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Book Review – The Recording Engineer’s Handbook and the Mixing Engineer’s Handbook

Bobby Owsinski is a long time musician and producer, but is best known as an author, coach and educator. He has written 32 books including his 10-volume “Handbook” series. I first learned about Bobby when he was a guest panelist on the AudioNowcast, and he has since become a regular contributor. Many of his books are perennially on my Christmas list and I now have both the Recording and Mixing Engineer’s Handbooks. Since the format and aim of the books are similar, I decided to review them together.

Bobby’s philosophy for his books is consistent and very sound. He has had, over the course of his career, the opportunity to interact with and interview many of the top names in the business, such as Al Schmitt, Ed Cherney, George Massenberg and Bruce Swedien. He has also observed that changes in the studio system have led to the virtual elimination of the master/apprentice format for training the next generation of audio engineers. Many schools have opened or added audio engineering coursework to fill the gap, but for many of us, especially hobbyists, we are left trying to figure things out on our own.

Bobby’s Handbook series takes interviews with the top professionals and distills them down to the most helpful tips and insights, arranging them in a format that makes things easy to find, digest and apply. Then, to top it all off, the second half of the book is the entire text of the relevant interviews. There is a wealth of usable information and inspiration in these books that I find hard to describe without resorting to what sounds like hyperbole.

(Review note: I have the second edition of each of these books – currently the third edition is available. The primary difference between the editions is that additional interviews have been added and the tips and practices from those interviews incorporated into the text. The material has also been slightly rearranged in ways that make a lot of sense to me – ways that tend to eliminate the few critiques I had about these books.)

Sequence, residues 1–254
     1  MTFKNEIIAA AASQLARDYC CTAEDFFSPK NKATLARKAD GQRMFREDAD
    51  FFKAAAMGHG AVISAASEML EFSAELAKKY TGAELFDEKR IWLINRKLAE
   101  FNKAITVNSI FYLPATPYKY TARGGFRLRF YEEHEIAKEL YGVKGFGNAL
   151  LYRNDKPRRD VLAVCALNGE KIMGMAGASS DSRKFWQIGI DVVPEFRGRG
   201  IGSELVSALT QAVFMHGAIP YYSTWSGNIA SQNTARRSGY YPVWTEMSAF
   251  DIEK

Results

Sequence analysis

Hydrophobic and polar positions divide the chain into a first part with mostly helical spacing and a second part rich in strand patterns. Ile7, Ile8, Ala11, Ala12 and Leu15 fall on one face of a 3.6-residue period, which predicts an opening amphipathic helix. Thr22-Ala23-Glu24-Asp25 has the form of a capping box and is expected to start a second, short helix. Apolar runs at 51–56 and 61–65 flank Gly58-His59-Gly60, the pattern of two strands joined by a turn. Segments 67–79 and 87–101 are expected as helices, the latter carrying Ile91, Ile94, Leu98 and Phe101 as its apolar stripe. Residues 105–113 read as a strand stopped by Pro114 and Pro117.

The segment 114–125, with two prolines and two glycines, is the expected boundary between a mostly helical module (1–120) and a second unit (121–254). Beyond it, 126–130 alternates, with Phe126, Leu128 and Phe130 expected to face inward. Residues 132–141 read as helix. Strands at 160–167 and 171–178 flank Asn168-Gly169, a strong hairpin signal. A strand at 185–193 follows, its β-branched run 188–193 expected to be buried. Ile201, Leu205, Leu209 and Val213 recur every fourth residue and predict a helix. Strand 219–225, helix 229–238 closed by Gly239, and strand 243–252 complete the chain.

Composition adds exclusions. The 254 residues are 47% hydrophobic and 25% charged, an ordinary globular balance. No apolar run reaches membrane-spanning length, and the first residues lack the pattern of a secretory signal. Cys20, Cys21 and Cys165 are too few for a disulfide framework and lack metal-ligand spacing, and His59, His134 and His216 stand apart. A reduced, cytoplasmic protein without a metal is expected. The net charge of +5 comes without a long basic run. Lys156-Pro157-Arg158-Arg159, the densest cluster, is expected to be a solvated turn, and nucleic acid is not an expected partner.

The Recording Engineer’s Handbook

This volume starts with a basic introduction to recording equipment, spending the majority of time on microphones. Bobby gives a good history of the device along with why different microphone types sound different and how to use those differences to advantage in recording. He also covers a lot of other types of outboard gear that can come into play in recording, such as equalizers and compressors with notes on how these are typically used. The last “equipment” chapter is about DAW recording, providing a fundamental description of what is going on “inside the box”.

Once the equipment is introduced, Bobby gets into the meat of the book – microphone placement. Starting with basic principals of mic placement and stereo mic’ing techniques, he dedicates two whole chapters to setting up and mic’ing drum kits. This is followed by the longest chapter of the technical half of the book, where he covers methods for mic’ing up individual instruments – everything from accordion to djembe to vocals. It should be noted that Bobby makes it very clear that these are presented as starting points – the sound of the instrument and the sound of the room are the most important factors in determining exactly where to place a microphone, so the use of one’s ears is mandatory.